Assembly Joint Resolution 41 is a proposed constitutional amendment that establishes standards for state legislative redistricting that includes a requirement that Assembly and Senate districts be as politically competitive as possible.

AJR 41 was introduced on May 12, 2005 and referred to the Assembly Campaigns and Elections Committee.

WDC testified in support of both AJR 22 and 41 at a public hearing on May 26, 2005 . Read WDC’s testimony.

Independent Ethics and Campaign Finance Law Enforcement

Senate Bill 1

Senate Bill 1 aims to promote more vigorous enforcement of the state ethics code and Wisconsin’s campaign finance laws by abolishing the state Elections Board and Ethics Board and replacing them with a more politically independent Government Accountability Board with expanded enforcement authority.

SB 1 is based on Step 3 in the Democracy Campaign’s “Power to the Voter” agenda. It is also a reform priority of the People’s Legislature.

The bill was introduced on January 11, 2005 and referred to the Senate Campaign Finance Reform and Ethics Committee, where it received a public hearing on May 18, 2005. Read WDC’s testimony.

The bill was approved by the committee on June 15, 2005 on a 3-2 vote. It was approved by the Joint Finance Committee on October 27, 2005 on a 13-3 vote. The full Senate passed SB 1 on November 1, 2005 on a 28-5 vote. The bill was sent to the Assembly, where it received a public hearing on January 25, 2006 in the Campaigns and Elections Committee. Read WDC’s testimony.

The bill was approved by the committee on a 5-1 vote on March 2, 2006 and moved to the full Assembly where the Assembly voted 53-43 on May 2, 2006 to reject a motion to pull SB 1 from the Rules Committee and bring it up for a vote.

Other Reform Legislation

Assembly Bill 66, Assembly Bill 289, Assembly Bill 452 and Assembly Bill 435

Assembly Bill 66 bans fund raising during the state budget process. It is similar to a Senate proposal introduced last session that died in committee, and is a part of a WDC-backed comprehensive reform proposal, AB 392. AB 66 was introduced on February 1, 2005 and referred to the Assembly Campaigns and Elections Committee. WDC registered in support of AB 66 at a public hearing on February 3, 2005. The committee took action on the bill on May 26, 2005, amending it to extend the fund-raising restriction for the governor and lieutenant governor to include the period immediately after the general election when they are involved in drafting the governor’s proposed budget and to apply the ban to all registered campaign committees. The committee then voted 3-3, but despite the tie vote committee chairman Steve Freese advanced the bill to the full Assembly.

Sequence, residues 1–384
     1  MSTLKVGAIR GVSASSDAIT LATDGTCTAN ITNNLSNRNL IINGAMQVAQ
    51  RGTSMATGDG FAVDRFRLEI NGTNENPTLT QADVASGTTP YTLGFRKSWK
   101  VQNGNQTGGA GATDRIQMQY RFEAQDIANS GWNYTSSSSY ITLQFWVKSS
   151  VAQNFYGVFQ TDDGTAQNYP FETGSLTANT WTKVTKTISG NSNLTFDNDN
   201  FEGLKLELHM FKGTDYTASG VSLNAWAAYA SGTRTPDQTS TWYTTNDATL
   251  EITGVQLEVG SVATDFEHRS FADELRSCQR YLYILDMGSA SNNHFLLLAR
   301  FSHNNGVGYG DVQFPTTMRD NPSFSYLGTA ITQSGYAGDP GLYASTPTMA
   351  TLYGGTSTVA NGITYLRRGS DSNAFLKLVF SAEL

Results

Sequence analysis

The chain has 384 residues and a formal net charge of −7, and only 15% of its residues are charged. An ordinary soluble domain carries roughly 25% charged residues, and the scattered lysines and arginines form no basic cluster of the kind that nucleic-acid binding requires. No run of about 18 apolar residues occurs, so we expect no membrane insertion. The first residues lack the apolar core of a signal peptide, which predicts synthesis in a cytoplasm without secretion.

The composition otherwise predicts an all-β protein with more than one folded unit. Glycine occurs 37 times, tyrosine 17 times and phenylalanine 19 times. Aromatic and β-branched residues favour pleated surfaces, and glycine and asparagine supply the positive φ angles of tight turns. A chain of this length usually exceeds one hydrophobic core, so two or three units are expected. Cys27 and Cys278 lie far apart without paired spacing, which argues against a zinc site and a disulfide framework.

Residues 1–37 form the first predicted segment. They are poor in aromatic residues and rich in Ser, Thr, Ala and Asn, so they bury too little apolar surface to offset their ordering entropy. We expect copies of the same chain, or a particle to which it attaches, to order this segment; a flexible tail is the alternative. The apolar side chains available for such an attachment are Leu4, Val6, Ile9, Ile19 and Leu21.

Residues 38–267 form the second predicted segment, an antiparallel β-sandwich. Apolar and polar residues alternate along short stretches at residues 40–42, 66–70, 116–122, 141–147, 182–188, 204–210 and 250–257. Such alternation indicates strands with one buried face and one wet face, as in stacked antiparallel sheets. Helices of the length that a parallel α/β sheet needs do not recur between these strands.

Assembly Bill 289 bans fund raising during the entire legislative session (January 1 of even number years through May 31 in odd number years). AB 289 was introduced on April 4, 2005 and referred to the Assembly Campaigns and Elections Committee. WDC registered in support of the bill at a May 26, 2005 public hearing.

Assembly Bill 452 also bans fund raising for the duration of a legislative session. AB 452 was introduced on June 1, 2005 and referred to the Assembly Campaigns and Elections Committee. The bill is different from AB 289 in that it also prohibits elected officials from spending campaign funds raised while holding one office to promote their candidacy for another office. WDC supports AB 452.

Assembly Bill 435 strengthens disclosure requirements for certain campaign ads. AB 435 was introduced on May 19, 2005 and was referred to the Assembly Campaigns and Elections Committee. This “Stand By Your Ad” legislation is modeled after a provision in the federal McCain-Feingold law requiring candidates or organizational representatives to be featured in broadcast advertisements and state that they approve the ad’s message. WDC supports AB 435.

Assembly Bill 689 allows preferential voting systems or instant runoff voting (IRV) for local nonpartisan races. Free choice voting systems like IRV ask voters to rank candidates in order of preference. AB 689 is based on Step 5 in the Democracy Campaign’s “Power to the Voter” agenda. It is also a reform priority of the People’s Legislature. The bill was introduced on September 26, 2005 and referred to the Assembly Campaigns and Elections Committee. The Democracy Campaign testified in support of AB 689 at an October 13, 2005 public hearing.